In April 2016, as my regular readers may already be sick of hearing, I decided to write for at least 15 minutes a day. A few weeks into the writing streak, I decided I needed the accountability of publishing daily—or “shipping,” as Seth Godin calls it. And so I committed to posting a blog every day.
That was 366 days ago.
Creativity needs accountability
You can call yourself a writer if you’ve got a way with words. That’s creativity. But if you want to be a professional writer, you’d better add accountability to your creativity, or you’ll never get beyond the dreaming.
I didn’t set out to write “365 blogs in 365 days” like writer Michelle Monet. The only goal I thought about was today’s post, and then tomorrow’s. In fact, I didn’t even think about the 365-post benchmark until I neared the anniversary of writing daily.
So why have I done it?
Because I know that just as yeast needs sugar to bring it to life, creativity needs accountability. If I’d kept my commitment private, I would be the only one who knew if I’d broken it. So I made it public by publishing daily. Now, I might still be the only person who cares whether my streak continues. But that’s not the point. The point is I’ve made a public commitment.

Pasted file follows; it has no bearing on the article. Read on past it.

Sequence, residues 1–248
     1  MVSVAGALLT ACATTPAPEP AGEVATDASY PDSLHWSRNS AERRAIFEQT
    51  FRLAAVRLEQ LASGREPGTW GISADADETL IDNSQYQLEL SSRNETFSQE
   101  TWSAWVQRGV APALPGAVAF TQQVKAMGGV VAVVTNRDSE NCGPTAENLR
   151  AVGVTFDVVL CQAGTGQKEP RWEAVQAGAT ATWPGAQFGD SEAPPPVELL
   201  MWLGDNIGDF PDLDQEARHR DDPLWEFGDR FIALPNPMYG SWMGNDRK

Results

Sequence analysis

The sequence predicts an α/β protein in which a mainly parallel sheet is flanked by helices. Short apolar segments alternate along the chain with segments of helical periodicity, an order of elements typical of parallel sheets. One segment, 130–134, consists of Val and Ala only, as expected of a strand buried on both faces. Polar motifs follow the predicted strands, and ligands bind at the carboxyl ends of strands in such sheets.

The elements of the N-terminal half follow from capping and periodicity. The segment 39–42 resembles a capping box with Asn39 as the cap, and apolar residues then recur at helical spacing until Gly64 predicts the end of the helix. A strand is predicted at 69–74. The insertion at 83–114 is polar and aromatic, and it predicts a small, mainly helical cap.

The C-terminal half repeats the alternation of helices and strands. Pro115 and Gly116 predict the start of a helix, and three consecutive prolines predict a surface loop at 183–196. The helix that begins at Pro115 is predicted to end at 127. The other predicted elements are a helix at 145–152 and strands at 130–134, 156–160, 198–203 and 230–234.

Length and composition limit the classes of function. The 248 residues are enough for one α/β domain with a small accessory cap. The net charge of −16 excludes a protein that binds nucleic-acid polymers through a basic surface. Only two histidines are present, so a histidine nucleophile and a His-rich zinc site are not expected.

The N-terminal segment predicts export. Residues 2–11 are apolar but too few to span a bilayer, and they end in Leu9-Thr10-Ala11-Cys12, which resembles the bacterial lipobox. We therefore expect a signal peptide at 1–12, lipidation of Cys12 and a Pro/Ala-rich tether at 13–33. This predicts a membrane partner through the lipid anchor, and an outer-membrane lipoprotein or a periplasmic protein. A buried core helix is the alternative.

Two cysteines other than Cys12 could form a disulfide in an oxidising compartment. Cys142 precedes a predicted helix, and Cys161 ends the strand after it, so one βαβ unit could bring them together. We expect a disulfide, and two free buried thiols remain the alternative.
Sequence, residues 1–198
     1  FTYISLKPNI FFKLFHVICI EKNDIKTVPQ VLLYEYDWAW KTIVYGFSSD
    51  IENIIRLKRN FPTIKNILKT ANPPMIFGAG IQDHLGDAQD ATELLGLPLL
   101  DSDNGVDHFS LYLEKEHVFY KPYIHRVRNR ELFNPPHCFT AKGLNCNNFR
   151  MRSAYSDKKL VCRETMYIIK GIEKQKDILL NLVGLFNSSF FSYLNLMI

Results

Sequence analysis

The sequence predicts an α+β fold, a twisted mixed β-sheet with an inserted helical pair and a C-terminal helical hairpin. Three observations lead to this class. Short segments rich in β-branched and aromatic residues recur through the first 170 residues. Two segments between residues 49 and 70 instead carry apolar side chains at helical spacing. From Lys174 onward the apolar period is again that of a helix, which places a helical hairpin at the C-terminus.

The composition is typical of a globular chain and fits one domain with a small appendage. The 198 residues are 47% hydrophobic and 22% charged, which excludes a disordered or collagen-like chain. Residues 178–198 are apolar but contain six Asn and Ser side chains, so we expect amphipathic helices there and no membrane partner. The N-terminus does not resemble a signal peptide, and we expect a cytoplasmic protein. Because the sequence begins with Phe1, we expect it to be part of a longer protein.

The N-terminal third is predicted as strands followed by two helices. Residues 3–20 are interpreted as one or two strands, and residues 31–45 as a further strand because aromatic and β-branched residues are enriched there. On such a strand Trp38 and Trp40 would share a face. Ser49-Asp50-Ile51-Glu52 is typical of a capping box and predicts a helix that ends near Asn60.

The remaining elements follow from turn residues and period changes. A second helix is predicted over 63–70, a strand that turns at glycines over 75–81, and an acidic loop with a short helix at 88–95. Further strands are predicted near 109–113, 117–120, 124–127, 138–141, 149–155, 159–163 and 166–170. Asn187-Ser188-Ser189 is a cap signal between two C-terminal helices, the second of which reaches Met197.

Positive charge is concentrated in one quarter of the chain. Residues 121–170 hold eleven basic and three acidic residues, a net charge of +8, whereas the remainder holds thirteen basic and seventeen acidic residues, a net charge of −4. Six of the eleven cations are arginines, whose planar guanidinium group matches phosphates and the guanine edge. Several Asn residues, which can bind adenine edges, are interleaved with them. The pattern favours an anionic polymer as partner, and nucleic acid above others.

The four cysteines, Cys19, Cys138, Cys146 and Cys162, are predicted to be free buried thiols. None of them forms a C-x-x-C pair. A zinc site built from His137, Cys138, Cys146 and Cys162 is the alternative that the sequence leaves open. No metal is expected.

Accountability keeps my brain bubbling and my fingers typing. Whether I want to or not. And believe me, some days it has definitely been “or not.”
Accountability keeps me publishing even though I might not feel it’s my best work. But you know what? I’m not always the best judge of my best work. No writer is. That’s what writers’ groups and trusted friends are for.
That’s why it’s essential that we show our work, that we share our work. It’s the only way to improve.
You may fear you’re the world’s worst writer (you’re probably not). Or you may think you’re the world’s best writer (again, probably not). You’ll never know until you send your work out into the world.
Create some accountability for yourself, and then watch what that accountability creates.